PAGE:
Hindsight is 13,000: Playing the Stock Market in 1999-2000



960 Park Ave., NY, NY 10028

Neighborhood: Upper East Side

I have just taken over the passenger car from Roberto. There are three tenants in the elevator and they are discussing their vacation plans. 3A and her family will be hitting the slopes in Jackson Hole, Wyoming; 5C is going to work on his tan and try his luck at the blackjack tables in Aruba; and 12B and his girlfriend will be ringing in the new year in Paris (He doesn’t mention it to the other tenants, but I have it on good authority that he’s going to propose). After the others have gotten off, 12B asks me how I’ll be spending New Year’s. “Oh, I’ll be cleaning the lint traps in the laundry room, scrubbing the toilet in the gym bathroom, and dreaming of the day I dance up 5th Avenue with your head on a pike.”


12B and I have a regular routine wherein he plays the rich, boorish philistine and I play the angry, young, class warrior, so, delivered differently, this retort might have been within the bounds of our schtick. But the mirthful tone I had intended was completely absent from my delivery and both of us were a little unsettled by the violence of my statement. “Whoa,” he said, recovering from the death threat. “Take it easy there, Trotsky. It’s Christmas.”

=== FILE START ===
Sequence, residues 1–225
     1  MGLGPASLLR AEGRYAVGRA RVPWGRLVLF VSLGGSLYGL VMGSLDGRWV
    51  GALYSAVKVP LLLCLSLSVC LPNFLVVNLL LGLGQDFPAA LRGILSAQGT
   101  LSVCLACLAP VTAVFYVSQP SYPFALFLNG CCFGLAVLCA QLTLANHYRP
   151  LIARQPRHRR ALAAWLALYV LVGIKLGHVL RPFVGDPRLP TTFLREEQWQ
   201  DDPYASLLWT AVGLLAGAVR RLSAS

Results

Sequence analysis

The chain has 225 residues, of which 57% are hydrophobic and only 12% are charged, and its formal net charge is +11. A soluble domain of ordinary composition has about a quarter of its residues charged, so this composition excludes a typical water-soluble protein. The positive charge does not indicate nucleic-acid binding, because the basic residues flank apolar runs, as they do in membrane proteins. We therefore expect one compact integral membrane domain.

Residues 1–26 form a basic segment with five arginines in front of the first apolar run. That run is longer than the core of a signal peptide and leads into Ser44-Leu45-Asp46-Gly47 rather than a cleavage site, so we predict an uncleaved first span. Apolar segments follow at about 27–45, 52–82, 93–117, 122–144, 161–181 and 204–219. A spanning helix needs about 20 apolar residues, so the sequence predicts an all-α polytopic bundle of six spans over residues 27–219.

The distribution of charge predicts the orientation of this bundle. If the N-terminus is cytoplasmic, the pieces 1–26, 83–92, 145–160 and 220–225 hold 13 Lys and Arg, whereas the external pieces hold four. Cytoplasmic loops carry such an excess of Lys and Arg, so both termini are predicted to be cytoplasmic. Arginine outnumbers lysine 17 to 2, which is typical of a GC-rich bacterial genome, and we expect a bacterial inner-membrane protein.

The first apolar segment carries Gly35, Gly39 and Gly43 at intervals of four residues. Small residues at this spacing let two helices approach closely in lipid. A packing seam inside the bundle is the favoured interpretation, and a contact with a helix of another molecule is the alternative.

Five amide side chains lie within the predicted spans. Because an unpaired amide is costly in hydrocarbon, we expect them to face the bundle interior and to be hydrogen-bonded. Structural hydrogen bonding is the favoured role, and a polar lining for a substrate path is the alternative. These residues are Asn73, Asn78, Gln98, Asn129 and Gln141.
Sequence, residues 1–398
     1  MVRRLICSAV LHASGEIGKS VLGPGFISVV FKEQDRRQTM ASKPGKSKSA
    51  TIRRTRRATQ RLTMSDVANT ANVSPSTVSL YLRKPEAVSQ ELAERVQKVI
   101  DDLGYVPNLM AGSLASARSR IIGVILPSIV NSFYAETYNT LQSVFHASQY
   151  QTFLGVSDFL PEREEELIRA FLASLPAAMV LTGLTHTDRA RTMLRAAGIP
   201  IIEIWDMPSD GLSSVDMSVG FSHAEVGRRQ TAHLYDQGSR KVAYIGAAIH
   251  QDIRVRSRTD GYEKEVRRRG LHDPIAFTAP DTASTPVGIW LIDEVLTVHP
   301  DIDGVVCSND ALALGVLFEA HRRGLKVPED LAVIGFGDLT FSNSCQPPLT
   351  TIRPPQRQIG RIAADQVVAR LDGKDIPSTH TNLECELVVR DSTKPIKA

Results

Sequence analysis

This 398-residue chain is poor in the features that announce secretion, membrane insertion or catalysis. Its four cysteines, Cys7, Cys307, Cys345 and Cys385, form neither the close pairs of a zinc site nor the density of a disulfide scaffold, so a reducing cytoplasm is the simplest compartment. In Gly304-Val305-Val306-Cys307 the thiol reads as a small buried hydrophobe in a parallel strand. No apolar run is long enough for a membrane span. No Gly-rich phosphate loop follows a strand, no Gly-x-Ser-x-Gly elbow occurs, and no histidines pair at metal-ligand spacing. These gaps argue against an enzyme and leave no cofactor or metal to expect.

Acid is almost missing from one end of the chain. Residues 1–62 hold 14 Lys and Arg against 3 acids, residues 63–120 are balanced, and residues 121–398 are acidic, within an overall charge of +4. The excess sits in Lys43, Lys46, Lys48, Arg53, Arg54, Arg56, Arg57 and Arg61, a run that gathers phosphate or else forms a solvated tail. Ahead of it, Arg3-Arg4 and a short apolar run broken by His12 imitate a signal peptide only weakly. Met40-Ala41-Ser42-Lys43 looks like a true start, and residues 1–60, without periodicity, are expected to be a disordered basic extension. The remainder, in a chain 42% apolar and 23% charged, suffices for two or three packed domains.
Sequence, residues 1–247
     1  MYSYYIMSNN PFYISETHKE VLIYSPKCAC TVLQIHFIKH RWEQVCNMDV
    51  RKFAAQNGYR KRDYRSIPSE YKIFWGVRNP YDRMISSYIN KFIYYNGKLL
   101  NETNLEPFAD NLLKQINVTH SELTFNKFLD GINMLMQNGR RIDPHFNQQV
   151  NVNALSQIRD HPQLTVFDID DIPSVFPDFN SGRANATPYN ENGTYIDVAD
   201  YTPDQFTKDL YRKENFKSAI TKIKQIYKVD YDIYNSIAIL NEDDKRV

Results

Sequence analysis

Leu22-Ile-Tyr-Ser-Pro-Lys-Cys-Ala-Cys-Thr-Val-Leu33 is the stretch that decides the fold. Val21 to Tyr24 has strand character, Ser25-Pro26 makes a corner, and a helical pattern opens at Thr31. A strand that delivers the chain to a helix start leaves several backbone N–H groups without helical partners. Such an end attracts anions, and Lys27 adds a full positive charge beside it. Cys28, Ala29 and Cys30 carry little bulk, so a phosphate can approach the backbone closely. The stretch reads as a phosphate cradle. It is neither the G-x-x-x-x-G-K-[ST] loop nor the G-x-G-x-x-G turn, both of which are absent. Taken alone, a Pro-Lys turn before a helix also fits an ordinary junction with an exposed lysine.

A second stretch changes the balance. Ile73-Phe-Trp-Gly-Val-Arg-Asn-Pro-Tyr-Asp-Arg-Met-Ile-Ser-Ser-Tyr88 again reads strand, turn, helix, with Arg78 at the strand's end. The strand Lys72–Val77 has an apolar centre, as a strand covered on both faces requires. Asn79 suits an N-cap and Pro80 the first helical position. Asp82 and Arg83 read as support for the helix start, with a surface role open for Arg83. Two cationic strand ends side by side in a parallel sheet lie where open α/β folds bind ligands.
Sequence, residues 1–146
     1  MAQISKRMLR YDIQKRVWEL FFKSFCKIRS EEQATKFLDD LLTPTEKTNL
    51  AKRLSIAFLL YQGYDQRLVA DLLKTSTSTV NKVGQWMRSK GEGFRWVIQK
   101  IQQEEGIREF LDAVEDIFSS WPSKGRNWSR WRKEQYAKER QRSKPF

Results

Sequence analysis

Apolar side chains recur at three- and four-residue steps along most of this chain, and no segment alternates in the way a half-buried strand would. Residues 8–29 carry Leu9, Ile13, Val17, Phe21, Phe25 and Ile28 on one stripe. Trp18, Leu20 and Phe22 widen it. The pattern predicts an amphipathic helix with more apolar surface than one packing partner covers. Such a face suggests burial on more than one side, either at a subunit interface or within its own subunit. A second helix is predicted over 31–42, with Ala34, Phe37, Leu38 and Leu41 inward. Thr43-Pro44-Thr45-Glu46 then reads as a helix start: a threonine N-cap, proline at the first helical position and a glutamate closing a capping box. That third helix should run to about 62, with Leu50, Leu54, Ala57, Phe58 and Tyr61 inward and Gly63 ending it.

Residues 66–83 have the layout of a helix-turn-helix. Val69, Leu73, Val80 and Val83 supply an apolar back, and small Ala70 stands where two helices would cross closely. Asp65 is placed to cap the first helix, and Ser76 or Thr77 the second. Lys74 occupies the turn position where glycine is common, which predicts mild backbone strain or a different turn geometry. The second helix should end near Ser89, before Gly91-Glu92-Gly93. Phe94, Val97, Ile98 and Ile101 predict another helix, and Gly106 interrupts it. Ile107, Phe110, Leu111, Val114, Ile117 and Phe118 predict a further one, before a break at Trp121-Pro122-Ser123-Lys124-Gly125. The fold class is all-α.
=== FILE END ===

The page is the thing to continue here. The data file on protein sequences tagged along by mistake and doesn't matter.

I’m grateful to 12B for taking it so well. Truth be told, he’s a decent guy. Before he sold his soul to Merrill Lynch, he was a fifth and sixth grade math and science teacher, living in a studio in Astoria. But after a few years of watching his Wall Street friends acquire bigger apartments in fancier neighborhoods, as well as summer homes and other luxuries that he could never afford on his teacher’s salary, he decided he had fulfilled his commitment to making the world a better place. I myself have never had a worthwhile career, much less the opportunity to forsake it, so it would be unjust of me to condemn 12B, but I wonder what effect this turbo-charged upward mobility, or, at least, the promise of turbo-charged upward mobility is having on our society.